Bored? Become a Citizen Scientist!

Bored? Become a Citizen Scientist!

Chaeyoung Lee, Staff Writer

For those seeking insight into the secret life of animals, criminal records of the past, petri dishes splattered with bacteria, images of Mars’ fans and blotches taken from the HiRISE camera aboard the Mars Reconnaissance Orbiter, or even clips of hovering auroras in the night sky, Zooniverse is just the place for you to kill that overflowing time you currently have on your hands. is not a website of a zoo filled with animals but rather a zoo filled with research projects open for anyone to contribute to. Zooniverse functions as an accessible bridge for common citizens to easily get involved in research, whether that be finding regions where stars are being born in the galaxy, helping to understand and predict which M. tuberculosis bacteria will be resistant to which antibiotics, or making anti-slavery manuscripts more accessible to researchers and students by transcribing them. Basically, through Zooniverse, we, as citizens, are driving people-powered research by collecting, interpreting, and analyzing data conducive to research in various fields.

Etch a Cell – Powerhouse Hunt is the most recent project I’ve been participating in. As a volunteer, I identify and sort any mitochondria present or visible in images of cells. Even though I’m sifting through magnified lab data images of cells looking for something headachingly sounding called mitochondria, I don’t need little, or no, in-depth knowledge of biology or science. They provide you with the basic knowledge you need to work on the project, and it’s a great opportunity to learn new things.

But there is more to Zooniverse than just classifying data. Next to the “Classify” button in the drop down menu is the “Talk” section, where scientific, historical, academic discussions sprout, a place where you can converse with professionals and delve deep into the science of things, or just meet and interact with people of common interests and passions. You also have the option to create your own project. This platform surely is a multilayered package providing you the opportunity to classify data, contribute to actual research, interact with and become a part of a curious learning community, and most significantly, during these special times, to enjoyably kill time. 

An interesting project for animal lovers, safari animals specifically, is the “Wildwatch Kenya project for which volunteers, or citizen scientists, classify pictures taken through motion-activated trail cameras that capture animals roaming around their habitats. As you shift from image to image, you can spot the puffy backs of raccoons, a rambling moose, a startled giraffe, or maybe a lone deer. As you’re classifying safari images, you can give yourself a virtual tour of the wild safari while stuck at home, or as you’re identifying animals, you can diagnose whether you’re an animal expert or whether you have a large gap in your wildlife repository and find yourself an inch from your screen, squinting at the picture, trying to recognize what kind of living creature it is. 

For those interested in the area of overlap between art and history, “Fishing in the Past” is just the match, where our work contributes to revealing “historical information about the availability of commercial fish, biodiversity and common practice of Dutch painters. We basically identify and search for fish in the paintings of the past. It’s an opportunity to admire and observe many great paintings and see them in an oddly new light in pursuit of fish.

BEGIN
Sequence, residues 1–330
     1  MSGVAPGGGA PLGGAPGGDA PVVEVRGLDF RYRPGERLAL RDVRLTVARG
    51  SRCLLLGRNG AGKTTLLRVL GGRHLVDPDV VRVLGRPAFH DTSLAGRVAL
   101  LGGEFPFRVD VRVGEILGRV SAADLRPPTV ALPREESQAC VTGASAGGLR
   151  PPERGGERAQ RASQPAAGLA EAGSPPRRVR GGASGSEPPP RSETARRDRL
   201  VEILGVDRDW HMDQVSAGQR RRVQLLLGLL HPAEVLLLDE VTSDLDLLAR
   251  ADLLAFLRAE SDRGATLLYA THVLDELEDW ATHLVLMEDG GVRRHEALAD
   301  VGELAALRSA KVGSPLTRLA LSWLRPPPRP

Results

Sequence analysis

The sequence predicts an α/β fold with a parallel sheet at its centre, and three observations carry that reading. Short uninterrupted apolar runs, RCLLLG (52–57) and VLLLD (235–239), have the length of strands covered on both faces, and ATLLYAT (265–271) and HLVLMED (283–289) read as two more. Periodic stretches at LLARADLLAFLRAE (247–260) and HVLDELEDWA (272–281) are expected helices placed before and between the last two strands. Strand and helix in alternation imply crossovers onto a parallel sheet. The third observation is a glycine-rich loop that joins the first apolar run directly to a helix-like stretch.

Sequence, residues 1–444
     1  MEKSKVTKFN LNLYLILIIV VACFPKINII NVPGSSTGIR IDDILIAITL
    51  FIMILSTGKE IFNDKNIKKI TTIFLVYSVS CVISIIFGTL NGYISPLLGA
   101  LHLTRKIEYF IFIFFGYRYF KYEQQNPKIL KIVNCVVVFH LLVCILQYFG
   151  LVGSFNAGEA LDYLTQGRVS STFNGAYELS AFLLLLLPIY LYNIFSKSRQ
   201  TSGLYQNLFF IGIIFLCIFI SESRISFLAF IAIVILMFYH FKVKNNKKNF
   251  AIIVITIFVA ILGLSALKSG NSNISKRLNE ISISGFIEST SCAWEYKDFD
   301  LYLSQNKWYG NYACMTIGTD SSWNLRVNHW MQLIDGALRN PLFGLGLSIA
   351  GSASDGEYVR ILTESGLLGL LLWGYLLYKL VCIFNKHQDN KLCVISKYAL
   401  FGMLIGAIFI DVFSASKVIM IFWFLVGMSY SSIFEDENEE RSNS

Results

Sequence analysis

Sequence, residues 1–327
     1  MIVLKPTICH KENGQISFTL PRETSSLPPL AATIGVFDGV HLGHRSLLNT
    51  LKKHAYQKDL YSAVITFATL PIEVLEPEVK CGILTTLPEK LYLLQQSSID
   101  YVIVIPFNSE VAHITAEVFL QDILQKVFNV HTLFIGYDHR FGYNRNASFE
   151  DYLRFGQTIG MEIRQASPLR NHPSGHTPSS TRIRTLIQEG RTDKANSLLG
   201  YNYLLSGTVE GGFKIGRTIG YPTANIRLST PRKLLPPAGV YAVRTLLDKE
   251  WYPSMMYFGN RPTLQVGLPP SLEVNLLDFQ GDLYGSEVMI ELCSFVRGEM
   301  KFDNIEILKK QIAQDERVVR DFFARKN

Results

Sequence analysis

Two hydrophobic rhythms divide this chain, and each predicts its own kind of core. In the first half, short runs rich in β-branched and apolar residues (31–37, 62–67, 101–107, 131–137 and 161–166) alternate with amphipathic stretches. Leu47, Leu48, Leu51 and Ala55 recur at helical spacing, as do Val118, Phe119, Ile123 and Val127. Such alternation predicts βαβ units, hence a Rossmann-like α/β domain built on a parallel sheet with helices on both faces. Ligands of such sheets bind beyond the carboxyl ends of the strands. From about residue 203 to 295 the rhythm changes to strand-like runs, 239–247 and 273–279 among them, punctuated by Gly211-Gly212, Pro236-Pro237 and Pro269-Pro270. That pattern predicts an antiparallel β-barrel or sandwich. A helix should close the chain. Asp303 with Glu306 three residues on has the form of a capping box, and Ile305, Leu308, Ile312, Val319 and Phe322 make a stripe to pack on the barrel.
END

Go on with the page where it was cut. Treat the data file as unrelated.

For those interested in history or, broadly, humanities, there is an abundance of ongoing projects seeking volunteers to aid academic research. Many of the projects require sorting and transcribing original manuscripts or documents created way back in history, some even created in the Middle Ages, and it’s fascinating to see, observe, study, and read these documents in person, trying to make out the elegantly squiggly writing of the past. Some ongoing projects out of many include transcribing anti-slavery manuscripts or even criminal records of people imprisoned in the 19th and 20th centuries. Where else would you be able to have a look into criminal records and explore criminal characters in person? 

Original manuscripts, records, and historical paintings are surely fascinating, but the real gems of the diverse array of ongoing projects, in my opinion, are the space projects. You can join in the search of Planet Nine and other brown dwarf planets in the backyard of our solar system by identifying moving celestial bodies in the visual data from NASA’s Wide-field Infrared Survey Explorer (WISE) mission. Frankly, I found this project to cause headaches and sore eyes due to excessive staring, but you can try it out. When you grow tired of the meticulous search, you can soothe your mind with the calming grand and beautiful telescope images of the galaxy from the “Galaxy Zooproject. I find this exposure to heavenly or scientific original space images truly valuable and a great way to spend time. 

These are just the mere tip of the large iceberg of various projects available at Zooniverse. Zooniverse indeed is a zoo of projects, harboring those in diverse fields, from physics, space, biology, and medicine to the arts, climate, history, and language. It’s a great way to learn new stuff, see fascinating images, and spend one’s time.